Index:Metaphysics by Aristotle Ross 1908 (deannotated).djvu

Title Metaphysics (Ross, 1908), VIII
Author Aristotle
Translator W. D. Ross and J. A. Smith
Year London
Publisher Oxford University Press
Location 1908
Source djvu
Progress To be proofread
Transclusion Index not transcluded or unreviewed


Ch. Α.
1. The advance from sensation through memory, experience, and art, to theoretical knowledge.  
2. Characteristics of 'wisdom' (philosophy).  
3. The successive recognition by earlier philosophers of the material, efficient, and final causes.  
4. Inadequacy of the treatment of these causes.  
5. The Pythagorean and Eleatic schools; the former recognizes vaguely the formal cause.  
6. The Platonic philosophy; it uses only the material and formal causes.  
7. The relation of the various systems to the four causes.  
8. Criticism of the pre-Platonic philosophers.  
9. Criticism of the doctrine of Ideas.  
10. The history of philosophy reveals no causes other than the four.  
1. General considerations about the study of philosophy.  
2. There cannot be an infinite series, nor an infinite variety of kinds, of causes.  
3. Different methods are appropriate to different studies.  
1. Sketch of the main problems of philosophy.  
2. Fuller statement of the problems:—  
(i)Can one science treat of all the four causes?  
(ii) Are the primary axioms treated of by the science of substance, and if not, by what science?  
(iii) Can one science treat of all substances?  
(iv) Does the science of substance treat also of its attributes ?  
(v) Are there any non-sensible substances, and if so, of how many kinds?  
3. (vi) Are the genera, or the constituent parts, of things their first principles ?  
(vii) If the genera, is it the highest genera or the lowest ?  
4. (viii) Is there anything apart from individual things ?  
(ix) Is each of the first principles one in kind, or in number ?  
(x) Are the principles of perishable and of imperishable things the same?  
(xi) Are being and unity substances or attributes ?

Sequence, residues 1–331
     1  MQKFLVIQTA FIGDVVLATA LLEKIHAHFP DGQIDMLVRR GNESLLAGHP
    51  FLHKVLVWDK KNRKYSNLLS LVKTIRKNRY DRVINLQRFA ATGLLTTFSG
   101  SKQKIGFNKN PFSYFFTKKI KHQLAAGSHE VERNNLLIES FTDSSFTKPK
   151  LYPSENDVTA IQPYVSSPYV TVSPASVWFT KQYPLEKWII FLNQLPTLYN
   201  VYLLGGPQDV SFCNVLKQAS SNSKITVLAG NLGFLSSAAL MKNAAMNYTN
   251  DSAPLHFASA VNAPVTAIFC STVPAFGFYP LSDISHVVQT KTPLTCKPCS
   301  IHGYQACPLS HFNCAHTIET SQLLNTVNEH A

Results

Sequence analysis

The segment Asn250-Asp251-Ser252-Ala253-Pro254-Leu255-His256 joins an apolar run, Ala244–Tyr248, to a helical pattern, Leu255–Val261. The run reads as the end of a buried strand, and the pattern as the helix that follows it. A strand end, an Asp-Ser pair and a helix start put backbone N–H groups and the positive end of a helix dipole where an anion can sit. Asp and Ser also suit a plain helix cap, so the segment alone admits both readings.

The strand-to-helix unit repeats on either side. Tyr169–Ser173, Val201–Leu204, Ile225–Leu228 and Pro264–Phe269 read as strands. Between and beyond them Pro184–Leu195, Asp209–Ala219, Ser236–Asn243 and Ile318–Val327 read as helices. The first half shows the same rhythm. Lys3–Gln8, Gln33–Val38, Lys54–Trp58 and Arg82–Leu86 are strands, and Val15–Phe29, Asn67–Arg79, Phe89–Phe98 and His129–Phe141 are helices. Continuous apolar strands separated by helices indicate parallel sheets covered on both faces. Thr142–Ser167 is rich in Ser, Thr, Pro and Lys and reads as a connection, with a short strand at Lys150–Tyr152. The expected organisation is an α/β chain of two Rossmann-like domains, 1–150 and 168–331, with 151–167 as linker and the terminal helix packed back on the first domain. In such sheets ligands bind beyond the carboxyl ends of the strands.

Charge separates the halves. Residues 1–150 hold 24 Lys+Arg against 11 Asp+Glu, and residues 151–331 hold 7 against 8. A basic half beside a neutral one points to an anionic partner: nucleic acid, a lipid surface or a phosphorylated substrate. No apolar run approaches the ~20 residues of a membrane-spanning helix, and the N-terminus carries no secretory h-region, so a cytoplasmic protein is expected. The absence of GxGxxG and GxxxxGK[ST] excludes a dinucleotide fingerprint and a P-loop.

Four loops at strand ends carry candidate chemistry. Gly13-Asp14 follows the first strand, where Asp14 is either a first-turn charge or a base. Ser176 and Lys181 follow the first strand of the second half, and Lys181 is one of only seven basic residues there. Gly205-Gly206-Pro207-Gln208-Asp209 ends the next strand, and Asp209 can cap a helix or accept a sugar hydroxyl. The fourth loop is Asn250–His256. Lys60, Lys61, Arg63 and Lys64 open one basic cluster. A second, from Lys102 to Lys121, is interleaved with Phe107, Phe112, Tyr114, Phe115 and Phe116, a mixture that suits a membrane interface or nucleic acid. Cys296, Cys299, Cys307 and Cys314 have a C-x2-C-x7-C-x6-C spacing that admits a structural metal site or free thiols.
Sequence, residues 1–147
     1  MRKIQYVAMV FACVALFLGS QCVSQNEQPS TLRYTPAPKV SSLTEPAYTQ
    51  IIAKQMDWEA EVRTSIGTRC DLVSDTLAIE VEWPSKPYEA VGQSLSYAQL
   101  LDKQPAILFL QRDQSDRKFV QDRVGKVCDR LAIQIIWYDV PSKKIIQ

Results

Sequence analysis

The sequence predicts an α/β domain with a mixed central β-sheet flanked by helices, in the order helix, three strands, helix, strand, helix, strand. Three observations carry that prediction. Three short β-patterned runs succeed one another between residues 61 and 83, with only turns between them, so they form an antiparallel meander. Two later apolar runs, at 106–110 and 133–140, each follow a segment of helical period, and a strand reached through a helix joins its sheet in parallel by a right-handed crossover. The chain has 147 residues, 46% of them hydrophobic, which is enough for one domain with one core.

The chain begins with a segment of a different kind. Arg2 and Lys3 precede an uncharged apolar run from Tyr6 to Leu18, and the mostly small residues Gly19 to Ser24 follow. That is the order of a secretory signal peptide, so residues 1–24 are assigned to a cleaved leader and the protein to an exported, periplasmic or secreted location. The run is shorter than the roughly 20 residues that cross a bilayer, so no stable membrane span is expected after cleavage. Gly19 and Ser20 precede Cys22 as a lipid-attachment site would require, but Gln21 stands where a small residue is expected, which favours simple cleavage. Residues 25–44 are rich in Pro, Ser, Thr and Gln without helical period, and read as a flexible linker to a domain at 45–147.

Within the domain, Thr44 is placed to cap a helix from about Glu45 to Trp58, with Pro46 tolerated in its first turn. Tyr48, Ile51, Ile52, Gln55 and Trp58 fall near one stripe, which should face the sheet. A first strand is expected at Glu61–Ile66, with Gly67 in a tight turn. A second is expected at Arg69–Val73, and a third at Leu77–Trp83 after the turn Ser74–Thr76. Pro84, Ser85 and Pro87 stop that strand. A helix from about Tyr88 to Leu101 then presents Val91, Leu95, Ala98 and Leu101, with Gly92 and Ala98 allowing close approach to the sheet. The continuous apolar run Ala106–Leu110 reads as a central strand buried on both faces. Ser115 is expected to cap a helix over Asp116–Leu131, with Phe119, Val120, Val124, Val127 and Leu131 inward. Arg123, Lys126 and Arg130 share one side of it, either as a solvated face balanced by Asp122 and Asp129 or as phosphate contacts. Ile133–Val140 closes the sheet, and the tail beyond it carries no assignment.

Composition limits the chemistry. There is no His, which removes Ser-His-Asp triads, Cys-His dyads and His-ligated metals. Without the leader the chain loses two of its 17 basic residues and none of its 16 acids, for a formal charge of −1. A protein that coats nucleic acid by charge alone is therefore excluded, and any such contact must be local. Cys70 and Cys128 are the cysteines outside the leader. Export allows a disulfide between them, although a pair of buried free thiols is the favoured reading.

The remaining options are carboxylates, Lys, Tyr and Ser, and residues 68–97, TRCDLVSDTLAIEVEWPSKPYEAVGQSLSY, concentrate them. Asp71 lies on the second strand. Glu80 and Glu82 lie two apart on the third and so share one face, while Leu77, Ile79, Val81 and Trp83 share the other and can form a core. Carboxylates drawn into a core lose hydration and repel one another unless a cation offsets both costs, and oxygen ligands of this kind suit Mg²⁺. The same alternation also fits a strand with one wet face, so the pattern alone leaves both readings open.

5. (xii) Are the objects of mathematics substances ?  
6. (xiii) Do Ideas exist, as well as sensible things and the objects of mathematics?
(xiv) Do the first principles exist potentially or actually?
(xv) Are the first principles universal or individual?
1. Our object is the study of being as such.
2. We must therefore study primary being (viz. substance), unity and plurality, and the derivative contraries, and the attributes of being and of substance.
3. We must study also the primary axioms, and especially the law of contradiction.
4. Fatal difficulties involved in the denial of this law.
5. The connexion of such denial with Protagoras' doctrine of relativity; the doctrine refuted.
6. Further refutation of Protagoras.
7. The law of excluded middle defended.
8. All judgements are not true, nor are all false; all things are not at rest, nor are all in motion.
Philosophical Lexicon.
1. 'Beginning.'
2. 'Cause.'
3. 'Element.'
4. 'Nature.'
5. 'Necessary.'
6. 'One.' 'Many.'
7. 'Being.'
8. 'Substance.'
9. 'The same.' 'Other.' 'Different.' 'Like.' 'Unlike.'
10. 'Opposite.' 'Contrary.' 'Other in species.' 'The same in species.'
11. 'Prior.' ' Posterior.'
12. 'Potency.' 'Capable.' 'Incapacity.' 'Incapable.' 'Possible' 'Impossible.'
13. 'Quantity.'
14. 'Quality.'
15. 'Relative.'
16. 'Complete.'
17. 'Limit.'
18. 'That in virtue of which.' 'In virtue of itself.'
19. 'Disposition.'
20. 'Having' or 'habit' (ἕξις).
21. 'Affection.'
22. 'Privation.'
23. 'Have' or 'hold' (ἔχειν). 'Be in.'
24. 'From.'
25. 'Part.'
26. 'Whole.' 'Total,' 'All.'
27. 'Mutilated.'
28. 'Race' or 'genus' (γένος), 'Other in genus.'
29. 'False.'
30. 'Accident.'
1. Distinction of 'theology], the science of being as such, from the other theoretical sciences, mathematics and physics.
2. Four senses of 'being'. Of these (i) accidental being is the object of no science.
3. The nature and origin of accident.
4. (ii) Being as truth is not primary being.
1. The study of being is primarily the study of substance.
2. Various opinions on the question, what things are substances?
3. Four things are commonly held to be substantial—the essence, the universal, the genus, the substratum. The last may be conceived as matter, form, or the concrete individual. Reasons why matter and the concrete individual cannot be primary substance. Form to be studied first in sensible things.